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Because a majority of urinary tract stones (UTSs) pass spontaneously and clinically significant alternative pathology is rare, we hypothesize that many computed tomographic (CT) scans to diagnose them are likely unnecessary. We sought to measure the impact of renal CT scans on resource use and to justify a prospective study to derive a score that predicts an emergent diagnosis in patients with suspected UTS by doing so in our retrospective series.
We conducted a retrospective study of ED patients who had noncontrast CT of the abdomen for suspected UTS. A split-sample was used to derive and validate a score to predict the presence of an emergent diagnosis on CT.
Of the 2,315 patients (50.8% female, mean age 45 years), 49 (2.1%) had an emergent outcome observed on CT. An additional 12 (0.5%) patients had an urgent outcome and 239 (10.6%) had a urologic procedure within 8 weeks of the CT. Serum white blood cell count, highest temperature, urine red blood cell count, and the presence of abdominal pain were significant predictors of the primary outcome. A score derived using these predictors had a potential range of 22 (0.26% predicted risk, 0.5% actual risk of the outcome) to 6 (52% predicted risk). The score was moderately discriminatory with c-statistics of 0.752 (derivation) and 0.668 (validation) and accurate with Hosmer-Lemeshow statistics of 10.553 (p = 0.228, derivation) and 9.70 (p = 0.286, validation).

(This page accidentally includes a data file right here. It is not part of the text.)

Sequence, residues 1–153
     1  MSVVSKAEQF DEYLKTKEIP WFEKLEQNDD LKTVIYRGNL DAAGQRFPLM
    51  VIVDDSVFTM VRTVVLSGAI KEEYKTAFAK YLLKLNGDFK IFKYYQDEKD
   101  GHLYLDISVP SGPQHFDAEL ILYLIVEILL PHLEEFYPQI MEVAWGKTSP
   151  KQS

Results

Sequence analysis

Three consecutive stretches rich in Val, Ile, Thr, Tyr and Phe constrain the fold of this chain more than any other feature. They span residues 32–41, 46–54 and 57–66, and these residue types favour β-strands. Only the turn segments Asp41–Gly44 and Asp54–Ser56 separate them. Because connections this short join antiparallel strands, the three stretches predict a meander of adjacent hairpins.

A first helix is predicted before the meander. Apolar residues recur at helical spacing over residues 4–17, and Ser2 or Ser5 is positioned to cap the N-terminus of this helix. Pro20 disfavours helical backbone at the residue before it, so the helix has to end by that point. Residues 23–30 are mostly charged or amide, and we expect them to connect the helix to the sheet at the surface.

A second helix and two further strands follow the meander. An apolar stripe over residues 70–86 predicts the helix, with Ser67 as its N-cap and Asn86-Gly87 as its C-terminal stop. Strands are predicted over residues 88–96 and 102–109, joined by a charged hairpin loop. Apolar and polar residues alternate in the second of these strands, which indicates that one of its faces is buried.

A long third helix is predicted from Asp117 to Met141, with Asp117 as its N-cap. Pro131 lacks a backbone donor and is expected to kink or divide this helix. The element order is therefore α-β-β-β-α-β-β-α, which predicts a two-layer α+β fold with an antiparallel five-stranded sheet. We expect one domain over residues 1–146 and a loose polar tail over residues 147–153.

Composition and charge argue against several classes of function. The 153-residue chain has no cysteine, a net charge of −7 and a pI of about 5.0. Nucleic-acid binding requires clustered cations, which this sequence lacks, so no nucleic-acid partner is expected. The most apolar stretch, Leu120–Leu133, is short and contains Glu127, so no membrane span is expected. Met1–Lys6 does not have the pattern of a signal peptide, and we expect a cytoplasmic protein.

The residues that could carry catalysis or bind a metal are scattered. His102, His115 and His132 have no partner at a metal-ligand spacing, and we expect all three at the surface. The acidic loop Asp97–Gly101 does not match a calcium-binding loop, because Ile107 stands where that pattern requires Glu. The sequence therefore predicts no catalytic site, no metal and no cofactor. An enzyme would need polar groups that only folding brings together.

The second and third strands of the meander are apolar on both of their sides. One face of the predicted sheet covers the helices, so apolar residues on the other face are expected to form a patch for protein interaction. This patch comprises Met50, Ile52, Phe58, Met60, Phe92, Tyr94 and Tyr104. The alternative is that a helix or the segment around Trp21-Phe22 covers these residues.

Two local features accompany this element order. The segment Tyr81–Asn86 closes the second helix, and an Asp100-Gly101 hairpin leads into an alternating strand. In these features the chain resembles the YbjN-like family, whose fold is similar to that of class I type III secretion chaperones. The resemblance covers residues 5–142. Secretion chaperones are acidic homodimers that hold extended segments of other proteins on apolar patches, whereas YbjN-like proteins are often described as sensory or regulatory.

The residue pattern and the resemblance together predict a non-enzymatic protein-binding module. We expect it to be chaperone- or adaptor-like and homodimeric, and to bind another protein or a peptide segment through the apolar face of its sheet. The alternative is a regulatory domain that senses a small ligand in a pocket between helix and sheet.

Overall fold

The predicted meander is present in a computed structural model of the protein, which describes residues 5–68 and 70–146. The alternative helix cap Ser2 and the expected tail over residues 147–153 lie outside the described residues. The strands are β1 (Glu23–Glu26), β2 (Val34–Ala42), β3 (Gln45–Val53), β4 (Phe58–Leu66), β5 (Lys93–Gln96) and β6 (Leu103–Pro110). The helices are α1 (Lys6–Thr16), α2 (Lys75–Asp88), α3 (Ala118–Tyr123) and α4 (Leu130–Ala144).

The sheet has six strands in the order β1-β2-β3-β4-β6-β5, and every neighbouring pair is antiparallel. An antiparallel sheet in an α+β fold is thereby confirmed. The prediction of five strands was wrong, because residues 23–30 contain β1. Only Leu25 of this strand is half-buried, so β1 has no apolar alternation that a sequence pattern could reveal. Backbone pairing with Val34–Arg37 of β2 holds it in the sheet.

A sensible, relevant score derived and validated on all patients presenting with symptoms suggestive of renal colic could be useful in reducing abdominal CT scan ordering.
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